Fisheries Talks Postponed Indefinitely as Lanka is Busy

Published: 23rd February 2015 06:46 PM  |   Last Updated: 23rd February 2015 06:46 PM   |  A+A-

COLOMBO: Talks between India and Sri Lanka on fishing in the Palk Bay and Palk Strait, which were to be held in Chennai on March 5, have been postponed indefinitely because the Lankan government is busy with other more pressing issues, the Director General of Fisheries, Nimal Hettiarachchi, told Express here on Monday.

“Fisheries Minister Dilip Wedaarachchi had to seek postponement because  the government is busy implementing its post-Presidential election 100-day program and with getting the European Union’s ban on buying fish from Lanka lifted,”  Hettiarachchi explained.

“ A fresh date for the talks will be fixed, taking into consideration mutual convenience,” the official said.

Asked what line the Lankan government would take at the talks, Hettiarachchi said that the North Lankan fishermen want the government to tell India firmly that Lanka will not allow Indian fishing vessels to cross the International Maritime Boundary Line (IMBL). They want a guarantee from India that Indian fishermen will abjure the use of trawlers and other destructive methods of fishing.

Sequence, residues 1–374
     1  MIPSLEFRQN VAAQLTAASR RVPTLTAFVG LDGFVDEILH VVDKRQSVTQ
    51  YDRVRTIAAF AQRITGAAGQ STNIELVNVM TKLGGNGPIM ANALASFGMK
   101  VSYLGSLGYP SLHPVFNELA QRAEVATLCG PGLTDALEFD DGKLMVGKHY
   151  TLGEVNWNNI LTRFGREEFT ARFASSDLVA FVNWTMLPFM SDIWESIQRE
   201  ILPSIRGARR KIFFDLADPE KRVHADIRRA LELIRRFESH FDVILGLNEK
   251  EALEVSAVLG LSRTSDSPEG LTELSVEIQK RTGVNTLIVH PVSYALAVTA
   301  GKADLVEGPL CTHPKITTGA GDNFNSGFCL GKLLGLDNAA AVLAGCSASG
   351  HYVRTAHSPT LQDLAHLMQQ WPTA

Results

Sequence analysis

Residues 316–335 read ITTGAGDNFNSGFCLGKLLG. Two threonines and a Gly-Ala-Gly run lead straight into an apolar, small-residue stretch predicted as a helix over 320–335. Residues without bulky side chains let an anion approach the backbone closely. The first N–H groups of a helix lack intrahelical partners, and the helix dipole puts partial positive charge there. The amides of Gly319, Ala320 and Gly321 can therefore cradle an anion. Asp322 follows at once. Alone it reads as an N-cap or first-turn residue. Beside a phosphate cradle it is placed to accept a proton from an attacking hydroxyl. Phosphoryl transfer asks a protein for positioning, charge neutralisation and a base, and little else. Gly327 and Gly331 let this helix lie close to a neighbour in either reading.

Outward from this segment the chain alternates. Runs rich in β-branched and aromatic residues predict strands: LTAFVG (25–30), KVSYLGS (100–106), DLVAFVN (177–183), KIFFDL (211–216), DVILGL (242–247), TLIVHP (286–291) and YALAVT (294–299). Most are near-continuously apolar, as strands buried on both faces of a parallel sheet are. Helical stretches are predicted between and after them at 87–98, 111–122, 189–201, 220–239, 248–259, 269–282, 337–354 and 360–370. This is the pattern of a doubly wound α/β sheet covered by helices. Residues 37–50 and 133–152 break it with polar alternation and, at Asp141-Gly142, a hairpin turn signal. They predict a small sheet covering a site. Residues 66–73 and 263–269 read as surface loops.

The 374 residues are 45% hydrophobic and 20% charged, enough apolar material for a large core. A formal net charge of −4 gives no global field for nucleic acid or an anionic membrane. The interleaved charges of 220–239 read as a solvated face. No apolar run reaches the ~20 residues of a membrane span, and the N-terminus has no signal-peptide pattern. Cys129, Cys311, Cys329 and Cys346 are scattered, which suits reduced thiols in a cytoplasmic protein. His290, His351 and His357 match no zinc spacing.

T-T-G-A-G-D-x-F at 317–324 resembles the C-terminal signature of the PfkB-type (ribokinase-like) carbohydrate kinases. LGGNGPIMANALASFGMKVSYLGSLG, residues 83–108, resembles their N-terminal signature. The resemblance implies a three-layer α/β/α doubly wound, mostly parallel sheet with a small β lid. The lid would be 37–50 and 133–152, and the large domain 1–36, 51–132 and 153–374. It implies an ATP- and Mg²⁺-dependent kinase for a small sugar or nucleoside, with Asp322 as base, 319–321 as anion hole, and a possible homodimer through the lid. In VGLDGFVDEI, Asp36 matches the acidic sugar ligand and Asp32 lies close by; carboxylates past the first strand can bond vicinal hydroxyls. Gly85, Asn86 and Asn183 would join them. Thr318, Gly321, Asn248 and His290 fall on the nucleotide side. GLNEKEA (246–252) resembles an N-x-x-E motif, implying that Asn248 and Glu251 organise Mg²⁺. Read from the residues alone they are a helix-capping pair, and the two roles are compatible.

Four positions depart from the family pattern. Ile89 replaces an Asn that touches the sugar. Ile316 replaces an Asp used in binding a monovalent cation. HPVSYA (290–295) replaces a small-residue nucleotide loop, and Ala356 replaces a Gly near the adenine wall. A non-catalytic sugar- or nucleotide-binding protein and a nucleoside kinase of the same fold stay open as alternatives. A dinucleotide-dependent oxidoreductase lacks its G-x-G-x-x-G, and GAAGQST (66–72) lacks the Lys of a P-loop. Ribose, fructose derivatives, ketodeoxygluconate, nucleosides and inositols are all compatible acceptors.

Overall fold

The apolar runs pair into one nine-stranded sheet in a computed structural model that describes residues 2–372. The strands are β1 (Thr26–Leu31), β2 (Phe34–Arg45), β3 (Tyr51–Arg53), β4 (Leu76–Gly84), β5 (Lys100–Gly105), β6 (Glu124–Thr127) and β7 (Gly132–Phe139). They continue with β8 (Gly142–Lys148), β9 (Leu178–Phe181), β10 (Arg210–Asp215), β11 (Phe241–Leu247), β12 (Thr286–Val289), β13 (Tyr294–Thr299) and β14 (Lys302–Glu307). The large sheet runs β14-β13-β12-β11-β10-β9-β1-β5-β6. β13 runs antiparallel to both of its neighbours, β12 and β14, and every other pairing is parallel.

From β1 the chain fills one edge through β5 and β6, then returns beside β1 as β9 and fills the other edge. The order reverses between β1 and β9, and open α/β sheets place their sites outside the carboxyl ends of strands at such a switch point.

“But the Indians want time to switch over to other fishing grounds or take to other methods of fishing. The Lankan government feels this could be discussed,”  Hettiarachchi added.       

The first and second rounds of fisheries talks were held at Chennai and Colombo on January 27 and May 12, 2014 respectively,   following initiatives taken by former Tamil Nadu Chief Minister J Jayalalithaa.

Earlier in February, Tamil Nadu’s Fisheries Secretary S Vijayakumar had written to Suchitra Durai, Joint Secretary, Ministry of External Affairs, requesting her to obtain clearance from the Centre at the earliest for conducting talks in Chennai.  March 5 was fixed for the talks.

EU Ban Hurts 

Meanwhile, the EU ban on buying Lankan fish had begun to engage Colombo’s attention because the EU accounts for 40 percent of Lanka’s fish exports and 32 percent of its overall exports.  The ban was imposed to punish Lanka for indulging illegal and unregulated fishing in international waters.

In 2014, the Rajapaksa government allowed eight high capacity Chinese-built and owned Purse Seiner vessels to fish on Lanka’s behalf. But these destroyed marine life needlessly. Lankan fishermen were breaking other norms. The Sirisena government is anxious to get the EU ban lifted and has introduced legislation to regulate fishing. 

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